By now I'm sure that at least some of you have read THIS article and possibly some of the rebuttals like this one and this one. I heard about the Marie Claire article on Twitter and was instantly amazed by how blatantly one sided it is. In a way, it attacks hundreds (if not thousands) of bloggers and readers.
I read three of the blogs featured in this article, and while I don't follow them constantly like some of their followers, I have definitely learned some great tips and tricks. I posted recently about how I worry that some people may take some blogs too literally and try to pattern their lives around what they read on blogs - following food habits and exercise patterns - while every person is different and need to pick and choose wisely. While blogs are great outlets for people to share their experiences, learn from others and meet new people with common interests, just like any kind of media (including magazines) there is always a chance for them to be used in unintended ways.
The journalist criticized one blogger for following a 10 mile run with a black-bean brownie, another for going for a 22 mile run (the article said she ate light the rest of the day and went to bed 'hungry' but the original blog post is quite different than this account), and a third for running a 5k, 15k and half marathon in one weekend (the Gasparilla Michelob Ultra Challenge, which means she wasn't alone in this quest). I think that many of us runners wouldn't think any of these things are very extreme.
I find it sad that this journalist decided to go to the Healthy Living Summit and then criticize these bloggers and take many of their words out of context. While I can see how some people may think some health/foodie bloggers obsessively document their every bite (not just these 6 women, but many others follow this format), I also see how this can inspire others to try new foods and recipes, like I did here. There are definitely blogs that do explore unhealthy, harmful and even hateful topics, and though I've never met any of the bloggers in this piece, I feel that they do encourage healthy and balanced lifestyles. I must point out that the 'relted links' listed below the article on the MC website include: "The Whole Body Detox" and "Your New Year Rx for Eating, Thinking, and Living Strong," while another link on the page will teach you "20 Easy Fat Burning Exercises." A little hypocritical, don't you think?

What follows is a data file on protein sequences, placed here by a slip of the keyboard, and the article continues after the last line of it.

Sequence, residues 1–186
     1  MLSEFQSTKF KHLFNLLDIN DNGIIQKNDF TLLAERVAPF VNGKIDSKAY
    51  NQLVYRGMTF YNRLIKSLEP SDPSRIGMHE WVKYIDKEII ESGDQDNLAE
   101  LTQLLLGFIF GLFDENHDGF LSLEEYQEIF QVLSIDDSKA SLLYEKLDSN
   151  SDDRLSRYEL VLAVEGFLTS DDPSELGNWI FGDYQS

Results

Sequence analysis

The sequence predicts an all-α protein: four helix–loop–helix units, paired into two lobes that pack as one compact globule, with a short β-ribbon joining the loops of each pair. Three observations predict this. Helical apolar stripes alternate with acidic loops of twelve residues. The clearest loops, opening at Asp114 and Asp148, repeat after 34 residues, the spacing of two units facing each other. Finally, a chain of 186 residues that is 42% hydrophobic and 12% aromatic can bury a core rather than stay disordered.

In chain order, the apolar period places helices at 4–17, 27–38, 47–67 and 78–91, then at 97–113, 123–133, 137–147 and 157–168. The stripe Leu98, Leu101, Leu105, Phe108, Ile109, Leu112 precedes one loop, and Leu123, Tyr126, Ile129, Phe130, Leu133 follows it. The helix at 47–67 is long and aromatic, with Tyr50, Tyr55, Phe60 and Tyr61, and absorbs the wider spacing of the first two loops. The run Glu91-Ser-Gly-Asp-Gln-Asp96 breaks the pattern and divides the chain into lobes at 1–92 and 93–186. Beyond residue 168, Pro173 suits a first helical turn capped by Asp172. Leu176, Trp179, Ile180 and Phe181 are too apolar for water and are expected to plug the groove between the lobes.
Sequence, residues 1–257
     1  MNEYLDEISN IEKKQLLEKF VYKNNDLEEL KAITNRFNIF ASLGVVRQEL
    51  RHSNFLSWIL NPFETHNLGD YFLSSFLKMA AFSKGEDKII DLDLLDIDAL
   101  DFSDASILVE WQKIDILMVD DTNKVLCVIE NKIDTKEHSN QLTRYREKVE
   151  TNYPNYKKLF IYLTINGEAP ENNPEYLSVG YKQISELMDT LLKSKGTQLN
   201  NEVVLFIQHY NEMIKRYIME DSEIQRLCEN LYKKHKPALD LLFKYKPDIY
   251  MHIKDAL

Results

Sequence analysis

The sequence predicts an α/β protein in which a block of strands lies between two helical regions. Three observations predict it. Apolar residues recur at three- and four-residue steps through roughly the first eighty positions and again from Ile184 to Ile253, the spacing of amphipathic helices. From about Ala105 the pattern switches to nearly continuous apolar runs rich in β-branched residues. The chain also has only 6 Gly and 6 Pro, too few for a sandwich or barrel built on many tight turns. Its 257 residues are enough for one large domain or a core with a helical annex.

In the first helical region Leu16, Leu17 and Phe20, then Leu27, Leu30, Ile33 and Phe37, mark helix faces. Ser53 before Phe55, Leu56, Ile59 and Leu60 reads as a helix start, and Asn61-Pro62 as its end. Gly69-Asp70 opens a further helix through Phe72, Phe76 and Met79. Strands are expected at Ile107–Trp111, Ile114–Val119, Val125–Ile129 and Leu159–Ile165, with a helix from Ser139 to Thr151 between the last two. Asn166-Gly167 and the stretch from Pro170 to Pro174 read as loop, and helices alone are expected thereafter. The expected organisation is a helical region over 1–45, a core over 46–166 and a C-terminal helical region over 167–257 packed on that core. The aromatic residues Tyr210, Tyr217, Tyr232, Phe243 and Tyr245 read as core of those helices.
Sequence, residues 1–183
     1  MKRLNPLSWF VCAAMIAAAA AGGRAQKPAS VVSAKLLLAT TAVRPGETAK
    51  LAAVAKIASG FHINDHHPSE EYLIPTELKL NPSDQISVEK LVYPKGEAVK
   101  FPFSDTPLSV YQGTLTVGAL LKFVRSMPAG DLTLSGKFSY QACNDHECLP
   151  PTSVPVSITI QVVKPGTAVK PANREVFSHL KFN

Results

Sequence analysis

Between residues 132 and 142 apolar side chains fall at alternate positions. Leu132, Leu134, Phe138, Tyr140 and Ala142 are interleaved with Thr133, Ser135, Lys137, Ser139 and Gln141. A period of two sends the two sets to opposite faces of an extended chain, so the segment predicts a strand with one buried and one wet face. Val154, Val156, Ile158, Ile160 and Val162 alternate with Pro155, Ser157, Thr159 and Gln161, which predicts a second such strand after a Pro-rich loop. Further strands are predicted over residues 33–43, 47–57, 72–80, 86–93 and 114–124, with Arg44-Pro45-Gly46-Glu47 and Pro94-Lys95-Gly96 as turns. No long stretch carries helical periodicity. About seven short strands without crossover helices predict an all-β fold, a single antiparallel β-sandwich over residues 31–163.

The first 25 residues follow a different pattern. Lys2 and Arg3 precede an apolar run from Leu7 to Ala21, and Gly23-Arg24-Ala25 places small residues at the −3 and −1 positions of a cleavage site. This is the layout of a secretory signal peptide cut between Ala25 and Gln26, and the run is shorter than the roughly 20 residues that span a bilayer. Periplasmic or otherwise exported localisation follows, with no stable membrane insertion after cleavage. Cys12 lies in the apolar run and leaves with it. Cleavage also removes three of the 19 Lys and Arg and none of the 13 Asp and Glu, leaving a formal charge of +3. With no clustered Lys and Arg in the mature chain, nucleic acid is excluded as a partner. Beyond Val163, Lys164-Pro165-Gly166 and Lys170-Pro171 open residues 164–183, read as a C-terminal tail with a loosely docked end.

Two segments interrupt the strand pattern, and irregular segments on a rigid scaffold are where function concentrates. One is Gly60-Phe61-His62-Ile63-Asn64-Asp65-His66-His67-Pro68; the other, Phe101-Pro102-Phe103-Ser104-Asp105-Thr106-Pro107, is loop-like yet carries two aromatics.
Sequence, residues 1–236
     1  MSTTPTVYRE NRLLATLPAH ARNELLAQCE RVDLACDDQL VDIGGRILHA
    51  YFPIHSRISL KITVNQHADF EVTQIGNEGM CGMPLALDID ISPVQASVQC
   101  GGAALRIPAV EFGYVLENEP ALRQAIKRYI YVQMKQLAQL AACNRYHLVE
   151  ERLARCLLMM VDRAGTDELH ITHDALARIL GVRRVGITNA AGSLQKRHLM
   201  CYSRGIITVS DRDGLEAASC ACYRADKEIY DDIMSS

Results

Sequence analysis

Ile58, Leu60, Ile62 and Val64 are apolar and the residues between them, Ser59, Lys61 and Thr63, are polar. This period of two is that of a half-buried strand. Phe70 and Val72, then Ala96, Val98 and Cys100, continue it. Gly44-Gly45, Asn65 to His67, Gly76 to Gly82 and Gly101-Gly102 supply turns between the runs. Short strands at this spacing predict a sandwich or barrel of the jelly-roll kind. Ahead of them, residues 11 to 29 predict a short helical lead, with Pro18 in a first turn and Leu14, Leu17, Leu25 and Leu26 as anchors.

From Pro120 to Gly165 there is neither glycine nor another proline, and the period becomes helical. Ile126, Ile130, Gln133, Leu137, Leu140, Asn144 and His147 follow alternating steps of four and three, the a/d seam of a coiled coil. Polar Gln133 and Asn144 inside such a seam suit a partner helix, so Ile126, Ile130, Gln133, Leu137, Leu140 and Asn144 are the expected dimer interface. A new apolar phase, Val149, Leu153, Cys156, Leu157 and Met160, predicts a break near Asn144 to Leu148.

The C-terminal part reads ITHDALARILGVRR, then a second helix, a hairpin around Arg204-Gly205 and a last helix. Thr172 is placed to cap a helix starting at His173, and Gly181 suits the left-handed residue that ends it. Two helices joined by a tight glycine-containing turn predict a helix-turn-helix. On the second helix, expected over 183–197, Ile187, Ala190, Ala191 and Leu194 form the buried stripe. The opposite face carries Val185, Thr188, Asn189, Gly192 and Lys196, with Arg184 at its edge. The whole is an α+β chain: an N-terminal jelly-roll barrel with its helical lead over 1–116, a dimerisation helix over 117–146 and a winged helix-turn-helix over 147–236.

I don't know if this is all coming out how I'd like it to. I guess in the end I'm just saying what I said last week, that we all need to be responsible for our selves and our own well being. We need to learn from others and share with others. That's how the world goes around and what makes us better people. I wish this journalist had not decided to attack these bloggers and many other bloggers by extension. I can't even guess how few times I've purchased a copy of Marie Claire, but I can say that for me, I will choose not to purchase the magazine in the future, since I don't agree with their journalistic approach and I will continue to support health and fitness bloggers!
What do you think about the Marie Claire/fitness blogger controversy? Do you even think it's a controversy?
today's workout -
50 reverse crunches
stretching and ankle strengthening exercises